"There is a lot of writing, and conferences to prepare for. So there's been a bit of sleep deficiency this year. You might be exhausted at the end of the evening, but still want to sort out other work. Some nights it's just three or four hours' sleep as you're late going to bed and then up really early. And I've found that I haven't slept that well here. No, it's not ghosts. It's just that your mind is racing all the time. But I'm pretty refreshed when the day actually starts, and every day is something of an adventure."

Being married to the job begs the question as to how that affects her marriage to Joe. She doesn't use the word 'workaholic' but says they've always been a couple to burn the midnight oil and they "kind of complement each other". They married in 2003, in the Aughrim Street church just across the road from their period terrace house, but have been together as a couple for 21 years.

Back in l987, Emer Malone, as she then was, was at a crossroads in her life – deciding whether to emigrate or stay in recession-struck Ireland. She had moved to live in Dublin, while back in her native Blackrock, outside Dundalk, her father "was going ballistic at the thought of me moving to live in Japan on an exchange programme". But it was a Fás placement officer's advice that brought out the contrarian in her, when he told her: "you know, Birmingham is closer to Dublin than Cork is". She was definitely staying put, but "incensed".

"I was part-time teaching at the time, on only 10 hours a week, and it was terrible. But the suggestion was that my best option was to go to England for work. I said 'is this the best you can do? Is this official Fás policy?' I had moved to live on Rathlin Road in Drumcondra at the time and was sharing with my housemate Laura, who was a Labour party member. So I said, 'get me an application form'."

And from that, love blossomed with Joe Costello – in a roundabout fashion. He wasn't, apparently, a candidate for Mr Right when they first met, as she recalls with a smile.

"The very first time we met was when he called to the house in Drumcondra. And I don't know – I probably shouldn't say – but I didn't quite like the look of him. I wouldn't let him in. I said something like, 'just hold on there for a minute', closed the door over and went back in to Laura saying, 'there's a man at the door I'm not sure about'. She started laughing and said I'd better let him in as he was our local Labour representative. I still kind of slag Joe about it – that he was slightly dodgy looking and I wouldn't let him cross the doorway," she laughs.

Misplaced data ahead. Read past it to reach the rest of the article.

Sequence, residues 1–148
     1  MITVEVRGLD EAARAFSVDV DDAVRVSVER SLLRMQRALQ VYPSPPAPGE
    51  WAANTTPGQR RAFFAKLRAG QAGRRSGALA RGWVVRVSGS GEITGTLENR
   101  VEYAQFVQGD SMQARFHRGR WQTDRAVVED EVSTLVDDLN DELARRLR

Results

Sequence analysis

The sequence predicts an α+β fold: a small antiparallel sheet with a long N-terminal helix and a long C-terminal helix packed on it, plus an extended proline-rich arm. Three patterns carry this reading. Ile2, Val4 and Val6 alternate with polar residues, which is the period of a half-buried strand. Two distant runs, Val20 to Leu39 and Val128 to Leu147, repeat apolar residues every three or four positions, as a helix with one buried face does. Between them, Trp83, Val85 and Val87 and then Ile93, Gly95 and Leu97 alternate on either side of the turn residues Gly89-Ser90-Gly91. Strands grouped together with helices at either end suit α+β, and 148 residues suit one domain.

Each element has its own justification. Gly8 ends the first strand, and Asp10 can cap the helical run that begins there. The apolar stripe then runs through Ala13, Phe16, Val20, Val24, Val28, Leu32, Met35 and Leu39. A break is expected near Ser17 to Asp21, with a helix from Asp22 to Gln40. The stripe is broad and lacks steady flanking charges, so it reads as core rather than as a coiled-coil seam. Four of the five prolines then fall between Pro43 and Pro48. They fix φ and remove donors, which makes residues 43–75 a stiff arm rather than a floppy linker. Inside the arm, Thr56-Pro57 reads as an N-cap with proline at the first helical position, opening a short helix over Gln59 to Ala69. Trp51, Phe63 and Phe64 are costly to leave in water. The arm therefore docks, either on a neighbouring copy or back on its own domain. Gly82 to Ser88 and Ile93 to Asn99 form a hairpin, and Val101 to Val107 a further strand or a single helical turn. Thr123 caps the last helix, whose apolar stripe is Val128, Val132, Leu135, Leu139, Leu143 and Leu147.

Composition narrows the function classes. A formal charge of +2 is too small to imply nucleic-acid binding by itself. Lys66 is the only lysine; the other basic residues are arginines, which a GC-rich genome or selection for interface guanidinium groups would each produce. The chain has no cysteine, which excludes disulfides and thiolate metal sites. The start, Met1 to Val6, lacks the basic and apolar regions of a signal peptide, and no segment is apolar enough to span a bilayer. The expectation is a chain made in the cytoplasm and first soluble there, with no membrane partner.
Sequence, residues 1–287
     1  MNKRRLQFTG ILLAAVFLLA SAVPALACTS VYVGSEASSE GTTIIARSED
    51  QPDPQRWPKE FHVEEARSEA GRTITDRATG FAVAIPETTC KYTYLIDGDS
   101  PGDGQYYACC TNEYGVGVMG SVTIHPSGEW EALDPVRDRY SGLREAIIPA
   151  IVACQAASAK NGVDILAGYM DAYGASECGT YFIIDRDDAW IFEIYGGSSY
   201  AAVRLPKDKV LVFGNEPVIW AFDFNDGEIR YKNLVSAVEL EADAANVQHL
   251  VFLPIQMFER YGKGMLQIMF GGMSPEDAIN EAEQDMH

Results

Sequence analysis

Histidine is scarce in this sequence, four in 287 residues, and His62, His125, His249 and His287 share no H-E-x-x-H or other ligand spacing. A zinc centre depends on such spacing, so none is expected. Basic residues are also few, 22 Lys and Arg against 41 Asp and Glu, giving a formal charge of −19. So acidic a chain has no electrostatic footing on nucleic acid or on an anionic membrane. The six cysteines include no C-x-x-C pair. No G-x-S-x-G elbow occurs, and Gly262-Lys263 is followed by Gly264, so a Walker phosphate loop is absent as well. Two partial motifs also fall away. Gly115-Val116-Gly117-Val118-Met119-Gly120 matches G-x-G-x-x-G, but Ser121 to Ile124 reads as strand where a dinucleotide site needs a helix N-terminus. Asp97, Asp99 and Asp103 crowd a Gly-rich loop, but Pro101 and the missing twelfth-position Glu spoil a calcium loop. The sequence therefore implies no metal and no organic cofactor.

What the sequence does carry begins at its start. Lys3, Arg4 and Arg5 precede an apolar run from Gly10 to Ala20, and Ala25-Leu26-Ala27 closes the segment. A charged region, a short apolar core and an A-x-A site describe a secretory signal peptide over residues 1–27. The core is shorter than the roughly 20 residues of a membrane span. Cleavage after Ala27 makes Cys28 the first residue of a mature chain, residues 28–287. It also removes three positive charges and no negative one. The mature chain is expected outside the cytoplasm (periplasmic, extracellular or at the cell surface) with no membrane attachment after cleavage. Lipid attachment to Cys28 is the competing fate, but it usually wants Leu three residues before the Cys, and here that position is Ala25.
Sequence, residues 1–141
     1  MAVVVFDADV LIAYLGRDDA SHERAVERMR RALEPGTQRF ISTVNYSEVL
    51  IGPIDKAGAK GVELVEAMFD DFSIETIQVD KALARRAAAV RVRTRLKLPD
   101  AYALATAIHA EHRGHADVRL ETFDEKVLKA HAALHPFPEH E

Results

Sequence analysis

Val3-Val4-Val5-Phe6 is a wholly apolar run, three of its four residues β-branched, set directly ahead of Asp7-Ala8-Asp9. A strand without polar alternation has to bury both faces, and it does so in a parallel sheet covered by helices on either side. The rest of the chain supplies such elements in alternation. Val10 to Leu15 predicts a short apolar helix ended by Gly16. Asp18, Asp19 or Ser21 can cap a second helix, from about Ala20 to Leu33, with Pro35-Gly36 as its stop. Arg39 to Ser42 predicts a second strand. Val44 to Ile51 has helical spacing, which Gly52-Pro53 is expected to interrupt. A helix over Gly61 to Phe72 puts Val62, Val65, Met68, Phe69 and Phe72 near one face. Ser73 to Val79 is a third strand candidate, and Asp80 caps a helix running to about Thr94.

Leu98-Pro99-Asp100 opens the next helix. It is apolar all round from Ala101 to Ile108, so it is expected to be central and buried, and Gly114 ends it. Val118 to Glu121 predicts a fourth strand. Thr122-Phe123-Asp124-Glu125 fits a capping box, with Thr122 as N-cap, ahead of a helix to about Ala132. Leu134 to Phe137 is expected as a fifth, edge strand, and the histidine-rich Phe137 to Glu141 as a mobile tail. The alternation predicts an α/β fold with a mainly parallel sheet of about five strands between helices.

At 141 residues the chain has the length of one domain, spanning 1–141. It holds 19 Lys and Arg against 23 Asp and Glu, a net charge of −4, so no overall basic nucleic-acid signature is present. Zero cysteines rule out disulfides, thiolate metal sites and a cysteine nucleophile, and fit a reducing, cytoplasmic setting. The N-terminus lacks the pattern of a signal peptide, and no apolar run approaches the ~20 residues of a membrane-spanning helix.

They knew each other for a long time before getting romantically involved, she adds. Initially, it was simply a work relationship and he asked her to organise his Senate campaign. It wasn't until they went on a holiday in l989 to the Antrim coast that she says she realised they were a 'match'.

"When he asked me to work on the campaign, I was kind of 'gosh, I don't think I can do this'. But he had faith in me, he trusted me. He doesn't get fazed by anything. He's someone you can bounce ideas off. He's someone who's there, whose constant. I can be quite excitable, whereas he's calm. I suppose I can get worked up over things, and he can be a very solid influence." The age difference between them – Emer is in her mid-40s, Joe is 64 – is not something that bothers her either, but has been commented on during campaigns.

"It doesn't make any difference but I suppose from that point of view, he's quite a steadying influence. But it's hilarious at times during elections with people coming up to me and saying, 'I know your father'. And I go (she pulls a sad face), 'He's not my father, he's my husband'. I laugh, and sometimes it kind of drives him mad, but he takes it with a grain of salt. Plus, I think I'm probably more youthful looking that I actually am."